The Financial Express

Chevron wants to explore 11 onshore blocks

M Azizur Rahman | Published: August 06, 2019 10:20:13 | Updated: August 07, 2019 15:12:29

The logo of Dow Jones Industrial Average stock market index listed company Chevron (CVX) is seen in Los Angeles, California, United States on April 12, 2016 — Reuters/Files The logo of Dow Jones Industrial Average stock market index listed company Chevron (CVX) is seen in Los Angeles, California, United States on April 12, 2016 — Reuters/Files

Chevron Bangladesh has intended to carry out an 'exploration study' in 11 onshore blocks, fully or partially, to delineate new hydrocarbon prospects and help augment the country's overall natural gas output.

The US company aims at finding potentially drillable prospects in the unexplored areas of the blocks (1, 2A, 2B, 3A, 3B, 8, 9, 11, 12, 13 and 14).

Among the blocks, few are still vacant, or unexplored, some owned by state-run Bangladesh Gas Fields Company Ltd (BGFCL) and Sylhet Gas Fields Ltd (SGFL) and some owned by Chevron Bangladesh itself.

The company wrote recently to the state-owned Petrobangla seeking its nod to carry out the study, get access to relevant data currently available with the BGFCL, SGFL and Bangladesh Petroleum Exploration and Production Company Ltd (Bapex), and ink a confidentiality agreement.

It believes that it will be able to utilise its knowledge in reservoir 'stratography,' unconventional reservoir 'facies', a senior Petrobangla official told the FE on Monday.

Assigned by Bapex, Chinese energy exploration firm Sinopec, however, found recently an onshore natural gas prospect at Shariatpur.

Drilling of exploratory wells will be required to assess whether gas reserves there will be commercially viable or not.

In its proposal, Chevron expressed the interest to carry out the study excluding the 'ring-fenced areas' of the blocks owned by the BGFCL and the SGFL.

A ring-fence is a virtual barrier that segregates a portion of company's assets from the rest, which is kept intake for future exploration.

Chevron also aims at further exploration study in the 'relinquished areas', in all the three of its blocks, which it surrendered to Petrobangla earlier seeing 'poor' prospects there, said the official.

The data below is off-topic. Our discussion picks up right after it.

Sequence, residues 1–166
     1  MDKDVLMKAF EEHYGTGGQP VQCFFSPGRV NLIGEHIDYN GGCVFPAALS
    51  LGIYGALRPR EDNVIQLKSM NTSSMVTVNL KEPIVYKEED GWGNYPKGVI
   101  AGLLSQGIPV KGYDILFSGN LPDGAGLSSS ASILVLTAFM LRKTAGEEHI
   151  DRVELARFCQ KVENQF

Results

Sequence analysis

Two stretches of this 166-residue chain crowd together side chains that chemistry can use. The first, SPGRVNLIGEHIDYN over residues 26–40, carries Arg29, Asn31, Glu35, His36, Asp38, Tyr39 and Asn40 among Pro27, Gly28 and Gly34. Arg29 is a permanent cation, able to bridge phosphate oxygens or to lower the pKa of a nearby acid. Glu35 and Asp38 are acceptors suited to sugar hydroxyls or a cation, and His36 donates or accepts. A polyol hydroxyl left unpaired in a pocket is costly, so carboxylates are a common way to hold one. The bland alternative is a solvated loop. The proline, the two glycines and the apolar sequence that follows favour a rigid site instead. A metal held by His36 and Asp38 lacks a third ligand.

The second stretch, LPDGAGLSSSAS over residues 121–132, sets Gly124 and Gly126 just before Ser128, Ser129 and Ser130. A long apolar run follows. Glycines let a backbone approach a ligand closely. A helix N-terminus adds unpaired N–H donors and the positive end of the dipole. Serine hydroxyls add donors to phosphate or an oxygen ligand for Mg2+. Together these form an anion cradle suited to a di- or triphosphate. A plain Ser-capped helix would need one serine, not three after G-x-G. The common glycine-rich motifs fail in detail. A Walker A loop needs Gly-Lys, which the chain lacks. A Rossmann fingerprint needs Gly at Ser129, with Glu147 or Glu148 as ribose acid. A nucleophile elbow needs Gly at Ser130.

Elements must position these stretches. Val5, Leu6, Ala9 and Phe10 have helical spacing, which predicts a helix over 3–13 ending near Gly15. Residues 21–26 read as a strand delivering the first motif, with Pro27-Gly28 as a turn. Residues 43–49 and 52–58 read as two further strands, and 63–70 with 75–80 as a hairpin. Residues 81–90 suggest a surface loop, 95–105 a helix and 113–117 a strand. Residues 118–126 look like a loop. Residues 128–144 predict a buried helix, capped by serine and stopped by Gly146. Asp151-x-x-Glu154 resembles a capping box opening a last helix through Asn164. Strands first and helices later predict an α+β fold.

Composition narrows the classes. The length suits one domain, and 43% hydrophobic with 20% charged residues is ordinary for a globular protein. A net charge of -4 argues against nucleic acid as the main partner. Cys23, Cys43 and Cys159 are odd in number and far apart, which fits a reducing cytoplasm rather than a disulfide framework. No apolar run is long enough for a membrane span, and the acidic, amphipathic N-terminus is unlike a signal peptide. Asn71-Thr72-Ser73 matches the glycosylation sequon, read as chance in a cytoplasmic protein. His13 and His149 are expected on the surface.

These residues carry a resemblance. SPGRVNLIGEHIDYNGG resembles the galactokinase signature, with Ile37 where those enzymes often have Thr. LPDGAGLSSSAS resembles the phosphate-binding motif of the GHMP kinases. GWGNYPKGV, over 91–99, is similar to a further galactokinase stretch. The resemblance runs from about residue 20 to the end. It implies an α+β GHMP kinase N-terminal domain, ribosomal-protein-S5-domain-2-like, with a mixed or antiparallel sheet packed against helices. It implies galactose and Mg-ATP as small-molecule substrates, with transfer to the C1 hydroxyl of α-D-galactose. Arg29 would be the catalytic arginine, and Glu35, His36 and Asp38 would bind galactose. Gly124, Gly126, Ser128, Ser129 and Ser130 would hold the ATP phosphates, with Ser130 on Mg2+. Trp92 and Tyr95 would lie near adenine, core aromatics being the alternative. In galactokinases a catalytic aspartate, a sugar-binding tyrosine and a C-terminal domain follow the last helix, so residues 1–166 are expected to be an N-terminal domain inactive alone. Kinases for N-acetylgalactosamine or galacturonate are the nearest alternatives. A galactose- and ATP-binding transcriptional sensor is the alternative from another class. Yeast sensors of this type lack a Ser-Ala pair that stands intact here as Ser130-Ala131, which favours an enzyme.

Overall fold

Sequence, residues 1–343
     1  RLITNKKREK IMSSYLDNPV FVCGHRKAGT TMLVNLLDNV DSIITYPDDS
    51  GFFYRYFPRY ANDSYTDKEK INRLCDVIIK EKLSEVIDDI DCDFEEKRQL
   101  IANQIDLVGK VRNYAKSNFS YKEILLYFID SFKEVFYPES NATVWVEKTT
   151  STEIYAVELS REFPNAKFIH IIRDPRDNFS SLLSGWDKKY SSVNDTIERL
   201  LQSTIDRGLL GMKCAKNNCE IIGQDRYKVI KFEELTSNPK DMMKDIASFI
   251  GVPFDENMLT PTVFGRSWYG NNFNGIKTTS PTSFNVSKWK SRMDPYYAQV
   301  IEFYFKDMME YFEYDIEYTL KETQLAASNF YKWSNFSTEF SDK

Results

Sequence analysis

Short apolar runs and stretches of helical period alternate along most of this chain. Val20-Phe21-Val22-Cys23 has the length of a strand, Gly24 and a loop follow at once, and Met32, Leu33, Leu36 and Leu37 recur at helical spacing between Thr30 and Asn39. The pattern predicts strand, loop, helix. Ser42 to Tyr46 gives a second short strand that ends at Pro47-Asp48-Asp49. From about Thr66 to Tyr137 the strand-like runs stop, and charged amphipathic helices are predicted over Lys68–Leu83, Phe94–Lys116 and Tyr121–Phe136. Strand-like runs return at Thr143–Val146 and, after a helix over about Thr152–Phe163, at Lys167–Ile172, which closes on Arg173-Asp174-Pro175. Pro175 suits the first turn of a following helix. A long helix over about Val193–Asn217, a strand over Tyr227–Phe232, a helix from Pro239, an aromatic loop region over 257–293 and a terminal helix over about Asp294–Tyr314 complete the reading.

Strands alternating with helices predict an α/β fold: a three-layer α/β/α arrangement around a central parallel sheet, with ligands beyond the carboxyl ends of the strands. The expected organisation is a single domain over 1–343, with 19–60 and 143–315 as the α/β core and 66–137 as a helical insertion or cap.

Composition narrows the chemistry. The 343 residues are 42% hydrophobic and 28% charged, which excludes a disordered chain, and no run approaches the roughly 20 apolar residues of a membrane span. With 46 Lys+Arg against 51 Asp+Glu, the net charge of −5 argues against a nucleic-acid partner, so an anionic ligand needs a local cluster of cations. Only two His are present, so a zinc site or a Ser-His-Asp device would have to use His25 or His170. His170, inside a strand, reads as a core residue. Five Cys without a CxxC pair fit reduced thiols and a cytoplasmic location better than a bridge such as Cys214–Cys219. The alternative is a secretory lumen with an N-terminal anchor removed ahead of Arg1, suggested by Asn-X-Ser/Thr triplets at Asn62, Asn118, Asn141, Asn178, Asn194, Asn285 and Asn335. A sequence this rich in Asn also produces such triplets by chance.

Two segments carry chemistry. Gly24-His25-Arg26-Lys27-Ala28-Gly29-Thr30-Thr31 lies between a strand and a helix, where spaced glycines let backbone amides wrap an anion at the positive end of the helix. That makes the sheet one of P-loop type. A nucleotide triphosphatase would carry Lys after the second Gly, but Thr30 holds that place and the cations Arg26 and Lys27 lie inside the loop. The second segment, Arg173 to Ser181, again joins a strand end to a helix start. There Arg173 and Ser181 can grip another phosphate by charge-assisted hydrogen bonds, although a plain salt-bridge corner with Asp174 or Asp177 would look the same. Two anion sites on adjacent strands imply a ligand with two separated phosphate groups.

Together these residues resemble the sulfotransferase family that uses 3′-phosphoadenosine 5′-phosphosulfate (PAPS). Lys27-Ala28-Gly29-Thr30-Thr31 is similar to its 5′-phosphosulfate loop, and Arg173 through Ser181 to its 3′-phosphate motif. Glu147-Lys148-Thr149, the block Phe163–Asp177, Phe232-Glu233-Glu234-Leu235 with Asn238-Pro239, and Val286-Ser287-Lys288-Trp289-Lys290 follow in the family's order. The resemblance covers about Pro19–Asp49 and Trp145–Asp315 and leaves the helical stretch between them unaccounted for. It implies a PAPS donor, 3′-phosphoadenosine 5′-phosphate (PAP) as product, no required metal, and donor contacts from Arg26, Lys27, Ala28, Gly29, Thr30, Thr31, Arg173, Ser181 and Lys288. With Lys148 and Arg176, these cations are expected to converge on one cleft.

Sources said Petrobangla recently extended the PSC (production sharing contract) tenure for Jalalabad and Moulavi Bazar gas fields of Chevron Bangladesh by five years each with a provision for extending it by five more years to boost exploration.

Petrobangla extended the PSC tenure of Jalalabad and Moulavi Bazar gas fields under block 13 and 14 by five years to 2029 from the previous schedule of contract expiration in 2024. The contract could be extended further until 2034.

The tenure of the remaining block 12 (Bibiyana) will also expire in 2034.

The sources said Petrobangla extended the PSC tenures of the Chevron's blocks as the US oil and gas major decided in October 2017 to stay in the country, canceling its previous decision to leave the country by selling off its stakes to a third party.

Chevron then also assured the government of investing around US$ 400 million afresh in oil and gas exploration and development, they said.

It also had planned to build two compression stations at Bibiyana and Jalalabad gas fields respectively to ramp up natural gas output from the country's northeastern region.

Natural gas output from Chevron-operated three onshore fields - Bibiyana, Jalalabad and Moulavi Bazar - is around 1,550 million cubic feet per day (mmcfd), which is around 58.57 per cent of the total gas produced from local gas fields to the tune of 2,646 mmcfd, according to Petrobangla statistics as on August 04.

The country's overall natural gas output is, however, around 3,218 mmcfd including the imported re-gasified LNG (liquefied natural gas) to the tune of around 573 mmcfd.



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